CRN & ASNF Program for Scholars Honorees Benefit from Access to Nutrition Science Symposium

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Washington, D.C.—In their latest efforts to support educational opportunities for the next generation of nutrition scientists and practitioners, the Council for Responsible Nutrition (CRN) and American Society for Nutrition Foundation (ASNF) have partnered to present the CRN and ASNF Program for Scholars (CAPS) Award. Launched in 2021, the program provides selected student members of ASN access to CRN’s signature symposium, Science in Session. CRN also provides ASNF with annual grants for nutrition researchers through the Mary Swartz Rose Awards.

“CRN is pleased to support students who aspire to lead in nutrition science with access to the latest research updates and insights from our slate of Science in Session presenters,” said CRN Senior Vice President, Scientific and Regulatory Affairs, Andrea Wong, Ph.D., in a press release. “CAPS winners get exposure to relevant science that will serve them as they develop in their careers to provide accessible, science-backed guidance about health and wellness to those they serve.”

The 2022 CAPS awardees include:

  • Samiha Azgar, a first-year Ph.D. student studying nutritional biochemistry and human metabolism at Cornell University in Ithaca, NY.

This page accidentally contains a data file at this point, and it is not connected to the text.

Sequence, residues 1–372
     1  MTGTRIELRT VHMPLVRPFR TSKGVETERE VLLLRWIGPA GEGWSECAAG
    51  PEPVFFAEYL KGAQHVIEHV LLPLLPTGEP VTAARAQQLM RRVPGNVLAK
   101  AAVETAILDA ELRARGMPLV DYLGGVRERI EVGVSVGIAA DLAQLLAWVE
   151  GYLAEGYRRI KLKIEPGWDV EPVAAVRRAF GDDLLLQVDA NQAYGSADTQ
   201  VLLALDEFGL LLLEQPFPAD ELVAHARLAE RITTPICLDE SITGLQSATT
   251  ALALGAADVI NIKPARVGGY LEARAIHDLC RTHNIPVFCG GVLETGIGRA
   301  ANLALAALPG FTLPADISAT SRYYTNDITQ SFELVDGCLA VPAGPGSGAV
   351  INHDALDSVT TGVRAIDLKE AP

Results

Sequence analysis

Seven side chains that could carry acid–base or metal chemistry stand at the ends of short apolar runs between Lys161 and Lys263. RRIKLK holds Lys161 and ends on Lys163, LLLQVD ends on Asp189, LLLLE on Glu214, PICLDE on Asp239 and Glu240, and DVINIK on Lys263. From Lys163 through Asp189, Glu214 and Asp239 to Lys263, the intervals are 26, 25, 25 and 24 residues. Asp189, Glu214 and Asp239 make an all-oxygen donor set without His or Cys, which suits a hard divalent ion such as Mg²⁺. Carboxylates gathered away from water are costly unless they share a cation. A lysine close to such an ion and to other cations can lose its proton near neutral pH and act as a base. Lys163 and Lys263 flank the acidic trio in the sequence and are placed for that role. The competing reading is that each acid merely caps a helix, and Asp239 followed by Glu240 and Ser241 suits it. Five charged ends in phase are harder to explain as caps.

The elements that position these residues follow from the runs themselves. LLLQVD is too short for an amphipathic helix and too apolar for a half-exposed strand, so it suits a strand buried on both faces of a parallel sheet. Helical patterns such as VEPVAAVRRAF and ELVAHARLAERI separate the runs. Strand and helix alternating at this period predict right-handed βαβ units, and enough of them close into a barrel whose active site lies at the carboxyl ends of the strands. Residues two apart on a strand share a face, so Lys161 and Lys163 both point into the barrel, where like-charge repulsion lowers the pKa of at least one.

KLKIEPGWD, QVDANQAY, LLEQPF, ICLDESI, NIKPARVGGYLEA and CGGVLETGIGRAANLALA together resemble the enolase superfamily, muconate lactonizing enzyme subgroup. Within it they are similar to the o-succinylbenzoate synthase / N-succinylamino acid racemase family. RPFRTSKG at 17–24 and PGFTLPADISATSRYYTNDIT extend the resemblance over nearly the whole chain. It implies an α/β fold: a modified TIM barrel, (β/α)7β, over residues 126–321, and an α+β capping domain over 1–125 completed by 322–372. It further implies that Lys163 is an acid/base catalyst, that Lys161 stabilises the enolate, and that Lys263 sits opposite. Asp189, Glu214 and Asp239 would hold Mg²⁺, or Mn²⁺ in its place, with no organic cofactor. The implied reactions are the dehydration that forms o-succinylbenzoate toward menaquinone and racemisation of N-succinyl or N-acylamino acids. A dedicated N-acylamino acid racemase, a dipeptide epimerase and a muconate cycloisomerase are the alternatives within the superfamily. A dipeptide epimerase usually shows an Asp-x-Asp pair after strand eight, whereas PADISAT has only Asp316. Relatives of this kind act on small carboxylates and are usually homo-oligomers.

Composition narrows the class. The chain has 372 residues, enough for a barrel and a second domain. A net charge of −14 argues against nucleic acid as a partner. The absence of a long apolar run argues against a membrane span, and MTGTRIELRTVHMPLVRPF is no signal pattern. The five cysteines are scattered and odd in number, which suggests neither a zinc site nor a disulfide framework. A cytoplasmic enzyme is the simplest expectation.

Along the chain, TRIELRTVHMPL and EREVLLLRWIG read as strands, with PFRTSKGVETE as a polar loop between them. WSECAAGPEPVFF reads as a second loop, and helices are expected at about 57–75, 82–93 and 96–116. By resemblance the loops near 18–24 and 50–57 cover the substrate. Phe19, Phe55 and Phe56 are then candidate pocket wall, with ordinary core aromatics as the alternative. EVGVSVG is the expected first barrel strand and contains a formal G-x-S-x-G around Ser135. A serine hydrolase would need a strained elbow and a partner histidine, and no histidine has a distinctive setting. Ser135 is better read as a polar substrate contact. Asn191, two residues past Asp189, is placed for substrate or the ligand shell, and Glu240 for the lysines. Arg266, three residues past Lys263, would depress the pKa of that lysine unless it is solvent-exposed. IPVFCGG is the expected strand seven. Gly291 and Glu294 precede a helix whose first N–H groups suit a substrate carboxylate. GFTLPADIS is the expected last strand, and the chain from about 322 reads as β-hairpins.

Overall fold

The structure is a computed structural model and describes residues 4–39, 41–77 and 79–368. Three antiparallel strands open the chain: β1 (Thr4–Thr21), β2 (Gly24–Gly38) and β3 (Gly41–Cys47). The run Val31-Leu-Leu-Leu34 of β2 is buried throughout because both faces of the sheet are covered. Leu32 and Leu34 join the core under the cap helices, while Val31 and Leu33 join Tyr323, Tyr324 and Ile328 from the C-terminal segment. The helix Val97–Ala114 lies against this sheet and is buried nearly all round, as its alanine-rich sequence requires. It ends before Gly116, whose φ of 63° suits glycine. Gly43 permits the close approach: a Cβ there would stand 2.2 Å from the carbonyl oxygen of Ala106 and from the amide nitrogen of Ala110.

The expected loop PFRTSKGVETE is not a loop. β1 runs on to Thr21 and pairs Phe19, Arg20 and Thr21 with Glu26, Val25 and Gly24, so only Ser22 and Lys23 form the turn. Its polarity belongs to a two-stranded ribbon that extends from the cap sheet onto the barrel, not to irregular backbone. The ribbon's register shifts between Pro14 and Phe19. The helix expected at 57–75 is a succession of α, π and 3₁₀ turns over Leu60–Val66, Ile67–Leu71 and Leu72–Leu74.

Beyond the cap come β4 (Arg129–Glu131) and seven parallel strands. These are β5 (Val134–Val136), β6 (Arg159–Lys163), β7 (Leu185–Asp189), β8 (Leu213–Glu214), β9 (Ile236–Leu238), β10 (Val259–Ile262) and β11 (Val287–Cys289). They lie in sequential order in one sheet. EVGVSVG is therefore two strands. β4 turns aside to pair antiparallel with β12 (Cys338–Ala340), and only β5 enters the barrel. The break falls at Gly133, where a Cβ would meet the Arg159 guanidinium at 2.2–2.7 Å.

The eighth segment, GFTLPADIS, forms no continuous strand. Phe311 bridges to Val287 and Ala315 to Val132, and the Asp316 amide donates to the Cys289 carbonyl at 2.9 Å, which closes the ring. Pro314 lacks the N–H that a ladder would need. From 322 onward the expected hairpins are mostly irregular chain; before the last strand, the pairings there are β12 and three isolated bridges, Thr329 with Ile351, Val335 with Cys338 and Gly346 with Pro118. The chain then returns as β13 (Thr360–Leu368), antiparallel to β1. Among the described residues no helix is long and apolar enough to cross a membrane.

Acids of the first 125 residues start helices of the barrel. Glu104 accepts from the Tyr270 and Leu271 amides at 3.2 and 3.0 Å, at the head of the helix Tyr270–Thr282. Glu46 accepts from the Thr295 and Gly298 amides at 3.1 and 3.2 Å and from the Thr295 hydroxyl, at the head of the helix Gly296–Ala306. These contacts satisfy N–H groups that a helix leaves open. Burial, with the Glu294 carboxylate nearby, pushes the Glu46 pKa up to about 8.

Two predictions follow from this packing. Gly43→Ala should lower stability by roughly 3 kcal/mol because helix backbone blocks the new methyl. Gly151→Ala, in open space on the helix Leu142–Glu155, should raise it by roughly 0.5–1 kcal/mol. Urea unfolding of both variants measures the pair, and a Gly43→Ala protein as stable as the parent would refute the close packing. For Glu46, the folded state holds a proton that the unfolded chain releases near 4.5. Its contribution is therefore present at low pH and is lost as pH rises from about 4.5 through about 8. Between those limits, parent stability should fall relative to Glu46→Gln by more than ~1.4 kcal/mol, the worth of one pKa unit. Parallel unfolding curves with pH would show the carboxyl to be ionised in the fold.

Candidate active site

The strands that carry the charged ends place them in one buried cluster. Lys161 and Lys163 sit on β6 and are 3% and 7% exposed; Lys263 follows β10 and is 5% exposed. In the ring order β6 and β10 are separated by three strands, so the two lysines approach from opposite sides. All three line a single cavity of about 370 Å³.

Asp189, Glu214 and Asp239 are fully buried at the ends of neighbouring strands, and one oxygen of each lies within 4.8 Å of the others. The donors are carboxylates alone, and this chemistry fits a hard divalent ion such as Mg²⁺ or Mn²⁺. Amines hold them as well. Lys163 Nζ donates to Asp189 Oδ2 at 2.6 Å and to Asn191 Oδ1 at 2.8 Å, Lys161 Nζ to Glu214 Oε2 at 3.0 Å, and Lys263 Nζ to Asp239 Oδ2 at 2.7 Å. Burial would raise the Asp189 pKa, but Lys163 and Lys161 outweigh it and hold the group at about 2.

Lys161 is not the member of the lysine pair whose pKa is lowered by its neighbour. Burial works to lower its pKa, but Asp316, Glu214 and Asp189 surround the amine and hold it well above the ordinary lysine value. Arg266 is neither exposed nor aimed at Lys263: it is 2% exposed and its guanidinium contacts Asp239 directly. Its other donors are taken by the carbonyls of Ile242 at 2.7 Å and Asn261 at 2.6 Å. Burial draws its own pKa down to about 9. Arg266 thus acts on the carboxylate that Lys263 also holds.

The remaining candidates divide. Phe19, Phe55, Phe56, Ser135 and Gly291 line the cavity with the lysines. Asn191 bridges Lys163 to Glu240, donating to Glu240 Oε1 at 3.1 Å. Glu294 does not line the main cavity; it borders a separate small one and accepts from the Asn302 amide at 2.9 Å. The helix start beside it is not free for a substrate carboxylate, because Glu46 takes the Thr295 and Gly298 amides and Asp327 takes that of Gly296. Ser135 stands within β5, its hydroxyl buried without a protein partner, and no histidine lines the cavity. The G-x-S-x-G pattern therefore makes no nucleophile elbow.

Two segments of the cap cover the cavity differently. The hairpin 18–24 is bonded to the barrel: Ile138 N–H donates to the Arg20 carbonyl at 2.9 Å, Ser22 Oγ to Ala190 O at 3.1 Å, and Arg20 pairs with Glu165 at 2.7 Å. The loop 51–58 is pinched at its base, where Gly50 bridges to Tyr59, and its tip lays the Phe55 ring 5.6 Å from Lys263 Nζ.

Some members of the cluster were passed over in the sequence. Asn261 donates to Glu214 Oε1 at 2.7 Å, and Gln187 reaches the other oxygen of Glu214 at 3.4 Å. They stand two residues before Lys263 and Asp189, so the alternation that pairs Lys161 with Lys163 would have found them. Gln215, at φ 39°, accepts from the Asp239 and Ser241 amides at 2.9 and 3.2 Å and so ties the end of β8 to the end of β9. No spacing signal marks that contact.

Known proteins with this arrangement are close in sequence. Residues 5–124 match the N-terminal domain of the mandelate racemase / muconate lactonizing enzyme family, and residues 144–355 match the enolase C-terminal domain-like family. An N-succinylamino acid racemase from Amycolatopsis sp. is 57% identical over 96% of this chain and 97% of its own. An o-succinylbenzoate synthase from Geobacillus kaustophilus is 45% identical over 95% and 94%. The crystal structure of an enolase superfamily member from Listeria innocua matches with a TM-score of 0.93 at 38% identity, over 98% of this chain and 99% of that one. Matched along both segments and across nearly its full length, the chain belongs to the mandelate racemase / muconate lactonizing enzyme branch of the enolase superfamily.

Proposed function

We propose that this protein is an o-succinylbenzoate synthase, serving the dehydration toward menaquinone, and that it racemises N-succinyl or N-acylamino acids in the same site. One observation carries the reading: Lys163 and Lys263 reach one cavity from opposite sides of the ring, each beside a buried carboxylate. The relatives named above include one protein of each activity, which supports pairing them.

• Samantha Fessler, a third-year doctoral student in the exercise and nutritional science program at Arizona State University.
  • Doreen Larvie, a Ph.D. nutrition student in her final year at the University of North Carolina, Greensboro.

2022 CAPS awardees reflect on the honor

“I am a former biology teacher and reproductive health educator serving women from immigrant communities of Arab and South Asian descent in New York City,” said Azgar. “I am interested in understanding the role nutritional status plays in the health and function of women of reproductive age and hope to use my research to inform evidence-based guidelines and address the gaps and needs of marginalized and underserved women both in America and abroad.”

Fessler shared, “As an early-stage researcher, it is vital to examine the work of respected investigators in my discipline to enhance the rigor and relevance of my own work. I remain committed to achieving excellence in nutritional science and maintaining and enhancing the quality of my work. CRN’s Science in Session served as a critical experience and space to generate conversations with highly impactful researchers and create connections that could confer to fruitful collaborations in the future.”

Larvie noted, “My desire to join Science in Session stems from the emphasis on cutting-edge research related to inflammation, the microbiome and the effect of phytochemicals and phytonutrients to bridge existing gaps. I am excited to learn more about new approaches in diet and wellness to apply my diverse experience and foundational knowledge to improve my critical thinking skills and be better positioned to be a driver of effective nutrition policy.”

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